System delivers first oil faster, safer and smarter. The integrated system enables you to frac differently by leveraging flexible pipe, automation and digital efficiency to minimize complexity and eliminate intervention in the red zone. It offers more service capability, greater reliability and fewer emissions with the simplicity of one pad, one supplier and one invoice. The technology package minimizes complexities, so operators can focus on getting to first oil faster with 30% lower costs.


Fig. 1. Rendering of a multifaceted completion system, as deployed in the field.
Fig. 1. Rendering of a multifaceted completion system, as deployed in the field.

The fully integrated system gets to first oil faster by leveraging flexible pipe, automation and advanced digital capabilities, to deliver greater efficiency with 80% fewer connections, Fig. 1. This means an elimination of human intervention in the red zone, making your frac pad faster, safer and smarter.

System integration. From pump to casing, we offer the simplicity of one pad, one supplier and one invoice. We leverage flexible pipe, automation and advanced digital capabilities to deliver operational efficiency, compatibility and ease of use. The system comes with 80% fewer connections and 50% fewer parts on the frac pad.

Next level HSE. The completion system eliminates red zone intervention, delivering a more secure work environment that significantly reduces the chance of human error. We make your frac pad safer, faster and smarter by enabling visual validation from a distance. Our simplified integrated system also promotes a healthier environment, reducing emissions through a 43% reduction in logistics.

Technology. The system leverages flexible pipe, automation and advanced digital technology to deliver greater operational efficiency. Increased uptime, lower NPT, remote operations, access to automation and real-time data logging are just a few of the benefits. Innovative technology delivers greater product performance with less maintenance, making frac pads smarter and lowering costs.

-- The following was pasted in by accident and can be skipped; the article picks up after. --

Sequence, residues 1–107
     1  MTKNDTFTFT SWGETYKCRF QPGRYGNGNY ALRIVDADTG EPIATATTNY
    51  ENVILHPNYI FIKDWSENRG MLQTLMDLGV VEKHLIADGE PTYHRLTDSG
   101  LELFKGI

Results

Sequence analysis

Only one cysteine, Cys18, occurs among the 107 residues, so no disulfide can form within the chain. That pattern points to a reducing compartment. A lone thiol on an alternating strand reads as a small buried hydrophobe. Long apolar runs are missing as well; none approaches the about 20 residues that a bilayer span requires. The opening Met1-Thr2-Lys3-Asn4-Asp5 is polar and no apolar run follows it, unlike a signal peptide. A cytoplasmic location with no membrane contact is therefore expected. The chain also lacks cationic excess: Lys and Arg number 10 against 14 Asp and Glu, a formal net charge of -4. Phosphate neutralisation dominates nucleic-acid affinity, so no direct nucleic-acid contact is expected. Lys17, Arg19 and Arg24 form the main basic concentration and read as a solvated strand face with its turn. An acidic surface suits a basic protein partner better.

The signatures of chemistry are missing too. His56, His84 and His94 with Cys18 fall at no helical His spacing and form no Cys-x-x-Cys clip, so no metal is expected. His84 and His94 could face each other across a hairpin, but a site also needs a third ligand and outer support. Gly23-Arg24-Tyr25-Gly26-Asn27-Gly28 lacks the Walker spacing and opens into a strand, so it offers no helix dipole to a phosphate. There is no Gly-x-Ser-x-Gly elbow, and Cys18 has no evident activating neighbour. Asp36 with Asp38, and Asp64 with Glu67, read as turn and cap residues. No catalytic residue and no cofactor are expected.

Digital automation. The system features digital automation services that will eliminate human intervention in the red zone. This makes the frac pad safer and more secure. Other benefits include data capture, remote operations and digital monitoring. The advanced digital capabilities promote positive predictability and minimize complexities to produce first oil up to 15 min. faster per frac stage.

Fig. 2. Flexible lines connecting well service pumps to fracture pods and frac vertical zipper manifold to frac trees.
Fig. 2. Flexible lines connecting well service pumps to fracture pods and frac vertical zipper manifold to frac trees.

The SAFlex product portfolio contains a de-marinized Coflexip high-pressure flexible, used in the same manner as traditional flow iron, Fig. 2. The products have been used successfully in harsh, fatigue cycle-prone, high-pressure offshore environments. Being designed and field-proven to withstand these conditions (with metocean data driven requirements in some of the harshest offshore locations in the world), they provide a natural solution to the high-pressure, high-cycle, modern frac pad requirements. Compared to traditional flow iron, SAFlex enables an 80% reduction of connections, substituting the articulation of rigid piping (and their independent connections) with a single connection on each end.